> what they want to talk about by placing one or more dots next to it. The
> trick is that there are more topics to talk about than people who are there
> and each person has less dots than the full schedule of time we have. So,
> for example, if there are 3 days together, that's a total of 6 morning and
> afternoon blocks of time. Give everyone 4 dots, and force them to
> prioritize. This also has the very real visual side effect of emphasizing
> that we are a team and not one person can be a part of everything going on.
> After everyone has put their dots on topics, sort the topics by number of
> dots. In our example, we've got 6 blocks of time, so choose the top six and
> schedule them. This ensures that the big stuff can get scheduled, the
> little stuff can fill in the gaps, and people can know when to be available
> for conversations that are important to them.
> Imagine than you've got a glass mason jar, and you need to fill it up with
> stuff. You've got big rocks, small rocks, sand, and water. If you fill it
> up with water first, the water will spill out when you add anything else.
> But if you add the big things first, then you can fit more in. The big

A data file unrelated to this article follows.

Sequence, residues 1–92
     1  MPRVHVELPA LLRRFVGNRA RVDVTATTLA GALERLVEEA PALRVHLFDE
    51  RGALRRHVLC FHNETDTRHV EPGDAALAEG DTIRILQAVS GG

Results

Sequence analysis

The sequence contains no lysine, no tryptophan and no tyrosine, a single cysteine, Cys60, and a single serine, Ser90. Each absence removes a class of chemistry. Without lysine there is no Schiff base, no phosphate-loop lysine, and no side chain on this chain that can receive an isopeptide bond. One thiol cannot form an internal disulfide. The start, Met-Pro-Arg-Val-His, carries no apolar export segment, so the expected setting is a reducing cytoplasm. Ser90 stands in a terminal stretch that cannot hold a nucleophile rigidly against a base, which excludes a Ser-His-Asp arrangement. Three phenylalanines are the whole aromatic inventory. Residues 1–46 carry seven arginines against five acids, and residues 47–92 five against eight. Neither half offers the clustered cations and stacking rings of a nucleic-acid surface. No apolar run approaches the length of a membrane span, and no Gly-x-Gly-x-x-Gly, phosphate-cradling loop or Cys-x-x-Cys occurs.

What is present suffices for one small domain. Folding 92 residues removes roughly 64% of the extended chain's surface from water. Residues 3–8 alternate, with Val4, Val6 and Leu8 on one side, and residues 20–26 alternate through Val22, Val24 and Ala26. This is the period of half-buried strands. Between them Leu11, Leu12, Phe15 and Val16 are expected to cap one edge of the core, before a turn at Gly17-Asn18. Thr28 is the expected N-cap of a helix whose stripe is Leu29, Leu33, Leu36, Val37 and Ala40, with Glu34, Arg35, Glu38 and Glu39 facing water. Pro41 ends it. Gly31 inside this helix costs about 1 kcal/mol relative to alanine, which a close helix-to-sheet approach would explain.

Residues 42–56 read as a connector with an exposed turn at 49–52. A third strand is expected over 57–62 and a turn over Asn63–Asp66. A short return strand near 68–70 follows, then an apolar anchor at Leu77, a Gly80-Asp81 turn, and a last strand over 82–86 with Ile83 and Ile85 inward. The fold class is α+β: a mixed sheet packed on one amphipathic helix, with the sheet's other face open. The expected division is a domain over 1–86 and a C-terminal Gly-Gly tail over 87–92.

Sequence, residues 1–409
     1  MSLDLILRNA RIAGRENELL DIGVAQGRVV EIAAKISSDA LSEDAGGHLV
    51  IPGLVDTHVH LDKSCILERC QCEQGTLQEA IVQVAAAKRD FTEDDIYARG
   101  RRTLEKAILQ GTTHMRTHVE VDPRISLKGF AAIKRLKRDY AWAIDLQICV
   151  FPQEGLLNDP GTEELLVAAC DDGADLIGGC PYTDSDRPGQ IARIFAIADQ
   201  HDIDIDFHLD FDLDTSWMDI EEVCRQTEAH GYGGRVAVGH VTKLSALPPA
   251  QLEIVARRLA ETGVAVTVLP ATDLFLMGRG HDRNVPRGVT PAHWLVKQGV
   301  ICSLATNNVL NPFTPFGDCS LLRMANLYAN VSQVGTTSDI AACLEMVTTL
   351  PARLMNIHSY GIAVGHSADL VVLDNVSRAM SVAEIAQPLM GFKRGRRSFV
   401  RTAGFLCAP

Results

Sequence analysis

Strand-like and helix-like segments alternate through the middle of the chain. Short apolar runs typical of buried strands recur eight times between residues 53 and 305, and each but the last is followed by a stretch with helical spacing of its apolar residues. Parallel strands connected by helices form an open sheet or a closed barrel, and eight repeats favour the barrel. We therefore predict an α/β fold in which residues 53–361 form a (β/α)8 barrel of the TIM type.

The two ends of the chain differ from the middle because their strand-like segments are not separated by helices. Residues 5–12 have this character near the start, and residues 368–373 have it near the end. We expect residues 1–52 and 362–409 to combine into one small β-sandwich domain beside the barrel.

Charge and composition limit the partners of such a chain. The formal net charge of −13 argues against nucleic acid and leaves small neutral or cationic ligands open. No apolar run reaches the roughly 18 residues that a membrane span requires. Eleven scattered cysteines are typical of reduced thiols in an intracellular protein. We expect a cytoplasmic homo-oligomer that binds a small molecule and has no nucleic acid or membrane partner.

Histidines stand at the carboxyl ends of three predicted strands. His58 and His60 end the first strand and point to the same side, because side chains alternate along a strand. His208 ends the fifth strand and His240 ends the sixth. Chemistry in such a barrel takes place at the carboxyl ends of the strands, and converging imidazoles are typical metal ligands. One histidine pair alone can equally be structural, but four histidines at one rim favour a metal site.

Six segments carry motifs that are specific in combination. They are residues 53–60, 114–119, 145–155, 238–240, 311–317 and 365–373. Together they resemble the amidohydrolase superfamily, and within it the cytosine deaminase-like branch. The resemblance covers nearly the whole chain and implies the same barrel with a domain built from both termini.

> rocks go first, then small rocks fill up the spaces, then sand fills up the
> cracks, then the water can seem in the tiny air gaps. It's the same way
> with prioritizing the in-person meetings. Schedule the big stuff, then fill
> in any gaps with the small stuff.
> Social dynamics during the week
>    - you won't be able to participate in everything. that's ok
>    - there will be several conversations going on at one time. be
>    considerate and flexible
>    - don't wait for someone to start a conversation. start it yourself.
>    this is very important!
> There's a lot going on at in-person meetings. It's ok to not participate
> in everything--you won't be able to, so don't even try. In the best case,
> there will be a lot of conversations going on at once, so be considerate
> and flexible. It's important to not sit back and wait to start a
> conversation--if you need to talk about something, grab the right people, a
> whiteboard, and a corner of the room and start talking.
> But what do you talk about? Sometimes it's just talking with a whiteboard.
> Sometimes it's reviewing code together. And occasionally, there's even an
> opportunity for some pair programming.
> After a topic has been talked about, check it off on the big list of
> topics that you made the first day. This keeps everyone aware of what has
> been talked about and what needs to be talked about. And by the end of your
> time together, it's a great visual reminder of the success of the week.
> Have fun
> Overall, have fun. In-person meetups are a too-rare opportunity to meet
> with interesting and diverse people from around the world. The Swift
> midcycle hackathons we've had in the past are some of the most enjoyable
> events I've ever attended, filled with some of the smartest and most
> interesting people I've worked with. I hope your time at midcycles and the
> upcoming PTG is as productive as our team's meetings have been in the past.
> --John